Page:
It was the end of September 2004. While waiting for service at the courthouse, I kept asking myself the same old questions: How does a mother walk out on a child for a stupid drug? What goes through her mind? Does she make a conscious decision to absolve herself of any responsibility or doesn’t that even enter her mind? Or does she come to the realization that motherhood isn’t for her and say to herself, “I’m out of here”? My thoughts were interrupted when my name was called.
I began to explain my story as to why I must have custody of my great-grandson. The Family Court worker was extremely helpful and explained that it would be considered “Emergency Temporary Custody.” I understood the emergency but wondered why it was temporary. However, I didn’t argue the point since I had already made up my mind to be his caregiver. And then again, maybe it was good that it was “temporary.” Even though mom had decided to take a sabbatical and return to the streets for a while, surely she might return soon to assume the responsibility of this beautiful first-born child she had given birth to.
As I was quietly uttering these thoughts, the worker made me aware that if I felt the need and desire to do so, I could always apply for permanent custody later. She then informed me that the court date was set for October 13 and that both parents would be notified of the court hearing — based upon the addresses I had provided. Dad was in the local Salvation Army, and Mom was somewhere on the streets of crack town, Ft. Myers.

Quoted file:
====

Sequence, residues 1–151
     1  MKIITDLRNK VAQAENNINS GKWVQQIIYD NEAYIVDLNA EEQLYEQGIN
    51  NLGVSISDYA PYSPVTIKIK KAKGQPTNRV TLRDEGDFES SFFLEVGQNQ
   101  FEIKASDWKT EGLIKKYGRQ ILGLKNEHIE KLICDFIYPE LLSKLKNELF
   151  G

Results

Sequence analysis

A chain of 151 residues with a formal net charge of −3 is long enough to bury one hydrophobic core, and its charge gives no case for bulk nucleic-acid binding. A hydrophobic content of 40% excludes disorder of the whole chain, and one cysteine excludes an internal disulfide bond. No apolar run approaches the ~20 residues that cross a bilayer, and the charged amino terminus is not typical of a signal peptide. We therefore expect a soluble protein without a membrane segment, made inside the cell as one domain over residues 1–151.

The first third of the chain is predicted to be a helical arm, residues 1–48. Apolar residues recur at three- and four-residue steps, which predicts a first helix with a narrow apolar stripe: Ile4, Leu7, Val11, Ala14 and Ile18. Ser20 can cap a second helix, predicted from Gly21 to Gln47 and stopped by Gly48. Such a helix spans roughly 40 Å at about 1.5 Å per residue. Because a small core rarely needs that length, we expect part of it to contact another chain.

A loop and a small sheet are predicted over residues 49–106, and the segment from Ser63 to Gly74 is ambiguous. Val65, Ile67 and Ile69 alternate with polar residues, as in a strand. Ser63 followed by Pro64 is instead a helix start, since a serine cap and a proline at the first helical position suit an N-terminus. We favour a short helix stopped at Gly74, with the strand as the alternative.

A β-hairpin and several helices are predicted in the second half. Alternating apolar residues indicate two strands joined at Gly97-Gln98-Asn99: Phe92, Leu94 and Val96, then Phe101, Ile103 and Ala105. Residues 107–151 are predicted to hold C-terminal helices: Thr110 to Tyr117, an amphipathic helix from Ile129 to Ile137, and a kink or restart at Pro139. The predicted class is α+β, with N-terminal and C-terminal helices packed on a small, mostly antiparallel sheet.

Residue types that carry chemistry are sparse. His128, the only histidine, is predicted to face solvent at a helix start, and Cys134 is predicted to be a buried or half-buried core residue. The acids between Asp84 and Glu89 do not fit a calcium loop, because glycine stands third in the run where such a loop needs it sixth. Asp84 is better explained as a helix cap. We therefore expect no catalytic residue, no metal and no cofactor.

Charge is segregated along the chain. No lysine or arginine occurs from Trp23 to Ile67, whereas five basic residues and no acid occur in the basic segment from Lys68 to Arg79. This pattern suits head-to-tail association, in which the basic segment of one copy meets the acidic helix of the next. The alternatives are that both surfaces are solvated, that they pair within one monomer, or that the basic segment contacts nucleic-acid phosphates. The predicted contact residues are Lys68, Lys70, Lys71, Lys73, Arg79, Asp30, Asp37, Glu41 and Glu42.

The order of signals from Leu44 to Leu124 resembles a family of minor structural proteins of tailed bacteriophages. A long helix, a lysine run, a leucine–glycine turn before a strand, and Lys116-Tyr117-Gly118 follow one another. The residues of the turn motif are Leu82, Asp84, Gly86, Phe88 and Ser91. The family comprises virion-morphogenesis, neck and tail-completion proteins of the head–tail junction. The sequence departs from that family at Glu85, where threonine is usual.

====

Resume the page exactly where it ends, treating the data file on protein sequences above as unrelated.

With paperwork in hand, I returned home — and then broke down and cried. My feelings were overwhelming. They were a myriad of emotions: fear, frustration, hurt, disappointment and anger toward my granddaughter who had placed me in this position. What I knew for sure was that I needed to keep putting one foot in front of the other simply for the sake of this little guy who was now about to be placed in my care.
The court date arrived, and I officially became his “custodial” parent. They assured me that my granddaughter could not return and take the baby away from me without first going through a court procedure and reapplying for custody. That was extremely comforting. The custody paper was my proof that I was his legal parent.
It was only a few months later that I was glancing through my local paper and saw an ad for a group called Grandparents Raising Grandchildren. Wow! This was surely the lifeline I needed.
Note: This article was originally published in GRAND Magazine 2012